another thing i noticed is that when i pluck with my index finger in the same place as i do when i play with 4 fingers and then move my hand slightly towards the bridge and then pluck again with my index finger in the same place as my ring finger is supposed to it sounds different, i know the closer to the neck you play the bassier sound you will get and the closer to the bridge you play the treblier sound you will get, in that case.. how could you possibly have a consistent sound?
  2. JMX

    JMX Vorsprung durch Technik

    Sep 4, 2000
    Cologne, Germany
    Using a light touch helps a lot in getting consistent finger tone.
  3. Figjam


    Aug 5, 2003
    Boston, MA
    I can get a very consistant tone with my fingers. Takes practice and a light touch.
  4. BassChuck


    Nov 15, 2005
    I use only my first and second finger to pluck. And they do have a different sound. I've always thought it was do to the fact that the calous on my index finger was bigger than my middle finger. And frankly, I like it that way so I can have a variation of sound.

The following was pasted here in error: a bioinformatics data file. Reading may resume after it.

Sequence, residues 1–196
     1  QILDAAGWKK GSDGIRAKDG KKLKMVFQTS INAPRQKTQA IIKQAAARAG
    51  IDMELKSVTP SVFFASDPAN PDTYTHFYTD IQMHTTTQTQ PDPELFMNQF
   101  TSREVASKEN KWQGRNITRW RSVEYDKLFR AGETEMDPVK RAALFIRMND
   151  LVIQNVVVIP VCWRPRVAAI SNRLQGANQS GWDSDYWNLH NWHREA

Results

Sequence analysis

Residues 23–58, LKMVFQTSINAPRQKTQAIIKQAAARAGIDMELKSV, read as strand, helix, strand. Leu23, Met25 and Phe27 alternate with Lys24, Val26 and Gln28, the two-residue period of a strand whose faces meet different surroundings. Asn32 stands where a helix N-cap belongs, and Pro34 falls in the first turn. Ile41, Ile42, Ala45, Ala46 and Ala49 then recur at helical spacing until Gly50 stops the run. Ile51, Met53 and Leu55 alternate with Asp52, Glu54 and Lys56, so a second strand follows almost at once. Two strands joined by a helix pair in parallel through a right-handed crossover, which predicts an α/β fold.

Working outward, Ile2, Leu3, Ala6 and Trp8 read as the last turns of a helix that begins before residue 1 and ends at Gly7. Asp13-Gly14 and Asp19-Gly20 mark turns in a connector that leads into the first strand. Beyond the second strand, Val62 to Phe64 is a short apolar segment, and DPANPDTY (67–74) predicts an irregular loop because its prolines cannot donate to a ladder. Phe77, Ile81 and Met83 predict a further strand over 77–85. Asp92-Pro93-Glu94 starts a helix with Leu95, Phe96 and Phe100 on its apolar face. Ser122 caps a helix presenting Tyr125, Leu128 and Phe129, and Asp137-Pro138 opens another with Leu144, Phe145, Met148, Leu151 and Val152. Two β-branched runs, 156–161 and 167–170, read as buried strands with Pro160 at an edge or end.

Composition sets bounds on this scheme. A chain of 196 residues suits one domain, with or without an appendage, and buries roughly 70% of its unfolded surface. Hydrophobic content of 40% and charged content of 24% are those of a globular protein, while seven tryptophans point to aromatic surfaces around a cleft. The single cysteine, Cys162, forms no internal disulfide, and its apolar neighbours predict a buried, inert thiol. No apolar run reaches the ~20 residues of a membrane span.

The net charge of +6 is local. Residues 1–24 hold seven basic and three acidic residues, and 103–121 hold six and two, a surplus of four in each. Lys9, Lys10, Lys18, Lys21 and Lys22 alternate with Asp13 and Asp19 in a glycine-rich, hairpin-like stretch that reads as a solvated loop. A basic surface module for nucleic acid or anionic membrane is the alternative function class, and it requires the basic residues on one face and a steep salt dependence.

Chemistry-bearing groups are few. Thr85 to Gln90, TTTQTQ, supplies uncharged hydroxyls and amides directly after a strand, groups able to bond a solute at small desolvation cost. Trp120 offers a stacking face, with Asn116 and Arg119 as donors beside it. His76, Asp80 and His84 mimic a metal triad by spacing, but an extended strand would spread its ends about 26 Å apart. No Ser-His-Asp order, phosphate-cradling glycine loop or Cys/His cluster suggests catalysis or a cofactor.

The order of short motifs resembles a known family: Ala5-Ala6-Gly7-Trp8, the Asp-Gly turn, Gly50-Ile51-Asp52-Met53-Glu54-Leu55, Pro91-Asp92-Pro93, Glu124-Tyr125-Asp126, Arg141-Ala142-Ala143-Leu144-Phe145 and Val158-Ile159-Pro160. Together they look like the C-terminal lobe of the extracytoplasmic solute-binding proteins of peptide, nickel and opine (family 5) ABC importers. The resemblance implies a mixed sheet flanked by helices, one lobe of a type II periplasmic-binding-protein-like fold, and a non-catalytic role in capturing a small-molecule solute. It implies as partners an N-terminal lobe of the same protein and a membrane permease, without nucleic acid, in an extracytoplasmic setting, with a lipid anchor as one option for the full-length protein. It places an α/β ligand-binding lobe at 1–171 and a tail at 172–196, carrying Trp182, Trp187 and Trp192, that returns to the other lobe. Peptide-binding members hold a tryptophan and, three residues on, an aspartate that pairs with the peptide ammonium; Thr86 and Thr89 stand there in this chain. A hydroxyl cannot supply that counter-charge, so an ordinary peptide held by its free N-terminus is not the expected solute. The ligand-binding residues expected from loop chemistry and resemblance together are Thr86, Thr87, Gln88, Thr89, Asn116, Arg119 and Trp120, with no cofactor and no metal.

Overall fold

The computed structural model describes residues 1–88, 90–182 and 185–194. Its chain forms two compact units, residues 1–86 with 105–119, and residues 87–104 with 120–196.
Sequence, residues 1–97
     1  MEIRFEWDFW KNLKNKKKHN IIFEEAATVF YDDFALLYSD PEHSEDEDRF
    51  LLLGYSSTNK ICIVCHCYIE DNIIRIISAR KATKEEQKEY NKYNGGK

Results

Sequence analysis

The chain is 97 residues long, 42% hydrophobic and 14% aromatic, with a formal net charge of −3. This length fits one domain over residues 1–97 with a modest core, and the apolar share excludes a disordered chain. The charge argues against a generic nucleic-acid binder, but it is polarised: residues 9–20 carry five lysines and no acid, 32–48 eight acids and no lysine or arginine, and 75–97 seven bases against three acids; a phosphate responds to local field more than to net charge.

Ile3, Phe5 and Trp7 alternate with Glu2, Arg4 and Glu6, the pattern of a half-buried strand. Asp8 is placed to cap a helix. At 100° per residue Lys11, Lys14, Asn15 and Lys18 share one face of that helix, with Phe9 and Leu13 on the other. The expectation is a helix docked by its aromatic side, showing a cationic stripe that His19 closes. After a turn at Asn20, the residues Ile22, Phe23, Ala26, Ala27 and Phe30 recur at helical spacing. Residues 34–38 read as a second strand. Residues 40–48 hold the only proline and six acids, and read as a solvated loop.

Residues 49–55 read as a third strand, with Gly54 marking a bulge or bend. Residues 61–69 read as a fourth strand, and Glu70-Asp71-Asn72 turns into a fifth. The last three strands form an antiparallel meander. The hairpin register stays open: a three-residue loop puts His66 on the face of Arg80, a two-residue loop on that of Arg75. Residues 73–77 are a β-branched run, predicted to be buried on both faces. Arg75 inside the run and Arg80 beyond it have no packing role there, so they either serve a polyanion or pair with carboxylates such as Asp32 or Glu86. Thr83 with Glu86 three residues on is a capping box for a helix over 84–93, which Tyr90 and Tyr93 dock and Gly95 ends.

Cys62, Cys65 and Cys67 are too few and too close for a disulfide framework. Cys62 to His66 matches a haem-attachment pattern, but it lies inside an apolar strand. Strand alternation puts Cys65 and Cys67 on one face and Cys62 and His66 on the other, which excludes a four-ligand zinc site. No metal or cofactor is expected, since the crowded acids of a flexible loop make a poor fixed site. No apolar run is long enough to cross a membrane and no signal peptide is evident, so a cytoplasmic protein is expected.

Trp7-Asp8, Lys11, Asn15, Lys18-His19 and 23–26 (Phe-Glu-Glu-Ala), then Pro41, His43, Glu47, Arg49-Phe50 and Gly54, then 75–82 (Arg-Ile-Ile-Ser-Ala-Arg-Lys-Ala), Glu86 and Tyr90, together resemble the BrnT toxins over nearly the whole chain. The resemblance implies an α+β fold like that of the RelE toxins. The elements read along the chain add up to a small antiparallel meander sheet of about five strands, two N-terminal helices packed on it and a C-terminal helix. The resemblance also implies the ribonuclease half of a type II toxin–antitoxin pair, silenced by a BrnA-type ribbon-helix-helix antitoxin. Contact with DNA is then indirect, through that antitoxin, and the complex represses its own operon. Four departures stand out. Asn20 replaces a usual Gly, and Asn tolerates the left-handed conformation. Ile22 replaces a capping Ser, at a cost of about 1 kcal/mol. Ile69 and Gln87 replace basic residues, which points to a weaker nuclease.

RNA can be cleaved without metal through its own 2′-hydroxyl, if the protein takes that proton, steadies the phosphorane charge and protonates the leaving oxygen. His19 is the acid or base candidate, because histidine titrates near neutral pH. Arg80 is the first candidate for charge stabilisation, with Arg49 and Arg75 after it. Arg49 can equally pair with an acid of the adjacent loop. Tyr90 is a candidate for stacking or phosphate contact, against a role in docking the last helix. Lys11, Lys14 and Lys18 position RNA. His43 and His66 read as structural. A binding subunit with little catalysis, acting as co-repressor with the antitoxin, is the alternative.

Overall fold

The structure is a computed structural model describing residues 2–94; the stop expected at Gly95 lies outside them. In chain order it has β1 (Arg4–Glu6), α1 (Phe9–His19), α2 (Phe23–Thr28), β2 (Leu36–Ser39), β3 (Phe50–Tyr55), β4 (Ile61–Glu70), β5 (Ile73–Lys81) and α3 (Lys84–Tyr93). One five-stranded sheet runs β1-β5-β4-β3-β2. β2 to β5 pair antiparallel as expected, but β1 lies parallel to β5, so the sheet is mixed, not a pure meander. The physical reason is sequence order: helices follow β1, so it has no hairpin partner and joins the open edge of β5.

For fast playing, leading with my index finger gives a strong attack and begining to the phrase, the middle finger then follows with 'less important' notes.

    Every now and then I use my ring finger (no calous) for a very soft attack, like that last note of a ballad or something like that.
  5. Audiophage


    Jan 9, 2005
    One thing you have to realise is that playing with all four or five fingers is that you'll never have the same consistency in tone that you would with one or two fingers. This isn't just related to the angle of your attack, but also what part of the string you attack.

    You'll probably never get the exact same sound with all of those fingers, but the purpose of playing like that is to play fast so there isn't as great a need for consistent tone, only for volume. Just don't forget how to play with two fingers.